An Interview with the great Britten

Published On: October 13, 2017
An Interview with the great Britten

Have you ever witnessed something that made you feel beautiful and empowered? A moment of clarity that rendered your defenses incapable of response? I think it’s safe to say we all have these experiences in life at some point or another. Whether it be a divine moment in nature or simply a conversation we had with a stranger: the essence of these magical moments are what define the work of Britten.

If we could peer within the depths of our emotions, there’s a pretty good chance we would see images that resemble Britten’s astonishing work. To simply categorize her style as “abstract” would only meet the generic perception of the gen pop, for her work is an exquisite experiment flowing from intuition and pure experience. Britten’s work is currently being displayed around the world in places like India, Thailand, Portugal, Panama, London, Paris, Japan, New Zealand, Penang, and so many more! At the beginning of 2017, she had the opportunity to conduct a TED Talk on the subject of A.R.T. (Aesthetic Revolutionary Theory) which is HER theory, AND, one she believes connects all of humanity to beauty.

Britten is a beacon of inspiring light energy to say the least. Minutes after I watched her TED Talk, I walked to her studio in Denver for this interview. When I arrived, I stood in front of her paintings and began to cry. I immediately said, “Oh, man. I need to get my shit together”, to which she replied, “No, you don’t. Just let it happen.”

An Interview with the great Britten

MAD Art Magazine: In your artist video you said: “I don’t have any intentions other than to keep it pure.” What does “keeping it pure” entail and why is that important to you?

It means.. Allowing the art to flow through me and keeping my intentions open to allow that mystery to unfold and not manipulate it beyond its purity. Does that makes sense?

Yeah, like, letting it unfold naturally without taking it too far past that point of thinking too much.


In regards to your creative approach: you claim that you have no control over what’s coming through. Can you talk more about that?

If I were to control it, it would be something different than it is. Everyone makes art for a different reason, someone could have a political statement, a personal statement, but, I make art because it feels good and I want to share that feeling. That moment in creation opens up so many possibilities and the whole world changes when you are in creation, everything seems possible, and I really can’t explain that with my mind, it’s an experience, and the art is just a documentation along the way.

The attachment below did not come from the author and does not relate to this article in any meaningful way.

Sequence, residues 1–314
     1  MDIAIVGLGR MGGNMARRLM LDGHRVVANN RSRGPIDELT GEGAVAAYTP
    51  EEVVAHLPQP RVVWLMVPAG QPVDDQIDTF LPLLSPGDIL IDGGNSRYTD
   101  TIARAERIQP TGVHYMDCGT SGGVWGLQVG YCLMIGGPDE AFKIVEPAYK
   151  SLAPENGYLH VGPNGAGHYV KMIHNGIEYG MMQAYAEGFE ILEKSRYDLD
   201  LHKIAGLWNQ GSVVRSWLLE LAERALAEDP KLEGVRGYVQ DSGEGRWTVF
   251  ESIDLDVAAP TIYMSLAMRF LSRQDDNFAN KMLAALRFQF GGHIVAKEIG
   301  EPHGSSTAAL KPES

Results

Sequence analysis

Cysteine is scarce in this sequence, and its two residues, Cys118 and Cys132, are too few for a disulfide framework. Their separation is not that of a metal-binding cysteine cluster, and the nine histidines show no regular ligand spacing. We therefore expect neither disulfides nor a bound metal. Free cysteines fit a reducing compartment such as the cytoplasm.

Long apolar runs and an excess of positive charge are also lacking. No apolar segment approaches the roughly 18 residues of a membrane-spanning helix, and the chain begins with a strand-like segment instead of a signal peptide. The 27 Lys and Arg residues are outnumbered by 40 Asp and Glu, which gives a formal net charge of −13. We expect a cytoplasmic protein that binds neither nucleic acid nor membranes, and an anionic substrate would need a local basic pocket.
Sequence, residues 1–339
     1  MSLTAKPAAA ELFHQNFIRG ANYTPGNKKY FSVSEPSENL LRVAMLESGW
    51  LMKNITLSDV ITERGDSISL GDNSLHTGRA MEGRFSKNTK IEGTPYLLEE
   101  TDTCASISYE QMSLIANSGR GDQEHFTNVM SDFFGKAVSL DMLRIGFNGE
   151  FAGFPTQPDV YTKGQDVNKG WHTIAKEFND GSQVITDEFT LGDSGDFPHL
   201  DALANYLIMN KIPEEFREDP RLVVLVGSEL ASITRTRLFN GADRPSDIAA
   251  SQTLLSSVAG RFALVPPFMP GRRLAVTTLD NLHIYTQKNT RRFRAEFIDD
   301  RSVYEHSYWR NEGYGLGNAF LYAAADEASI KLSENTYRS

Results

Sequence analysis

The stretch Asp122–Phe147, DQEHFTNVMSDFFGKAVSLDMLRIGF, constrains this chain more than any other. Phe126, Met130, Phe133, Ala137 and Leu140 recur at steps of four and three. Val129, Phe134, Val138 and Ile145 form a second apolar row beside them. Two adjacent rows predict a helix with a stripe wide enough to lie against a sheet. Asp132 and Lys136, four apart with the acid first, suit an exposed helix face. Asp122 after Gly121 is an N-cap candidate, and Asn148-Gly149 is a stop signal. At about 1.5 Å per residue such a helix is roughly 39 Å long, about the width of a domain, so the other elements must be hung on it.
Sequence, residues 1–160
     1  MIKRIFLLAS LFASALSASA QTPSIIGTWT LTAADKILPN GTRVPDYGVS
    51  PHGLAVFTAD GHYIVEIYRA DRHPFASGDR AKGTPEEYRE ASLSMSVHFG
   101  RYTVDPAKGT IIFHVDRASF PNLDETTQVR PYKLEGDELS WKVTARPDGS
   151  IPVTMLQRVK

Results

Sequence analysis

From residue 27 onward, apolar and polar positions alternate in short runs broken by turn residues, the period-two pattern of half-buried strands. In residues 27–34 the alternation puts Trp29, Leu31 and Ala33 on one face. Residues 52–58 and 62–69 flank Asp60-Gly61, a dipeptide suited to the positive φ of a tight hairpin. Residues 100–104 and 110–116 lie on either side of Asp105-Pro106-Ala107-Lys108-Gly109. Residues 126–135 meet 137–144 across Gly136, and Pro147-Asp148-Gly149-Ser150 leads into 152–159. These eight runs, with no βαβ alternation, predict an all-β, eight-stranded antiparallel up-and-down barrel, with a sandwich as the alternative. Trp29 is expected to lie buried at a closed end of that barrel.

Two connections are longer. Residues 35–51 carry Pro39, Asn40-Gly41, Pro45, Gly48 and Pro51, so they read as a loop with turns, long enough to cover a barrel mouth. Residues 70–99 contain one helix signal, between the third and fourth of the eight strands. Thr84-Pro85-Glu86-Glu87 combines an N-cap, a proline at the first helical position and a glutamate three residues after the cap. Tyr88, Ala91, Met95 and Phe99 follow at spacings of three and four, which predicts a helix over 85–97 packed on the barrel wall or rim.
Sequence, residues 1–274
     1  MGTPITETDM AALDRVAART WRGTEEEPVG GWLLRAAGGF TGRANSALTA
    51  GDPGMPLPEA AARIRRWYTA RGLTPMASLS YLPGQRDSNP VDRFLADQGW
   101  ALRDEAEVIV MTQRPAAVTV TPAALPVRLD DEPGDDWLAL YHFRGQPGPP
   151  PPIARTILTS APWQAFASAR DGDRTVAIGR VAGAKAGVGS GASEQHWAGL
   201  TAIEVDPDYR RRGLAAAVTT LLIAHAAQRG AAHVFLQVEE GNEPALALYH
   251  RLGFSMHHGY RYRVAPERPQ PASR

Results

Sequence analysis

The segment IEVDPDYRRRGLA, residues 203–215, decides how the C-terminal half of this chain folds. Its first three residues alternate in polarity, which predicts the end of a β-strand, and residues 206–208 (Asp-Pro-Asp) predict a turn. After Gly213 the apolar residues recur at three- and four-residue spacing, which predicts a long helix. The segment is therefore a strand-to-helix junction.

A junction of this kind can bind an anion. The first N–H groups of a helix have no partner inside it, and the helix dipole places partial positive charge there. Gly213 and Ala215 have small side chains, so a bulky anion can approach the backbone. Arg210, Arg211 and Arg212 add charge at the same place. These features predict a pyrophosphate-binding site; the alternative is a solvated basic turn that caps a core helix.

The free flow of creation takes me to that universal place within myself that is beyond whatever is going with me personally, all the daily drama, it takes me so far beyond that, and I think that’s the level that we can all connect on, and I think that’s why I try to open that door. The only intention I have is to allow that universal light to shine through that we can all relate to.

I really appreciate your statement about art and how people don’t always need to know what something is in order to understand it. What do you think people can gain from the unknown?

Trust within everything. Trust within yourself, which is an echo of trust in life, which is an echo in trust in creation, which is an echo of trust in the future, trust in that you are exactly where you need to be in this moment, and that (trust) brings peace.

I noticed that a lot of the titles in your work seem to reflect prosperity and abundance can you reflect on why that is?

It kinda depends what I’m resonating with at that moment –how I name the painting. I feel like the painting can reflect something different to everyone and when I step back to actually view it I have a personal experience with it that maybe reveals a title. But, I try not to have that limit or put any boundaries on what someone else might experience with the painting, it’s simply an offering of what I felt when I looked at it and to open the door for others.

I want to know if there was a particular moment in time that inspired your positive outlook on life.

It’s been an evolution and I don’t know which comes first, the art, or me. I can’t separate my personal life from my art at this point, and I’m still in constant evolution. I think everything I do is a catalyst for that. I’m really not sure.

So… there wasn’t any ONE particular moment that REALLY transformed your evolution?

There have been several momentous times that I can recall of those “ah ha” moments of those awakenings, but I can’t say that it was one specific –well, maybe…. Yeah. There was one moment but it might be a little far out for you:

I had a moment in meditation where I really confronted all fears and chased that string back to the fear of death. And, I had a moment where I looked at it and I smiled, and I made a conscious choice to actually leap into this really dark abyss with full trust. So, that moment of confronting that darkest death, I jumped into it, completely trusting, and I would say that was a pivotal point in my life to go forward and express and serve as some kind of vehicle for evolution.

You state that: “art is my life and my life is my art”, but you claim it took you years to accept this fully. Why?

Duality, living in a world where we separate our soul from our everyday systems. So, it’s like the duality of expectation and what things are supposed to look like. Once I saw past that was when my life and my art started becoming one.

My favorite thing about you is your drive to help others discover their inner beauty. Why are you so passionate about that?

I want people to see their inner beauty because I want them to experience and discover themselves, when we, humanity, connect on a universal level of beauty to our authentic self, it can change the world. Why not?


Matt Worldly
May 26, 2017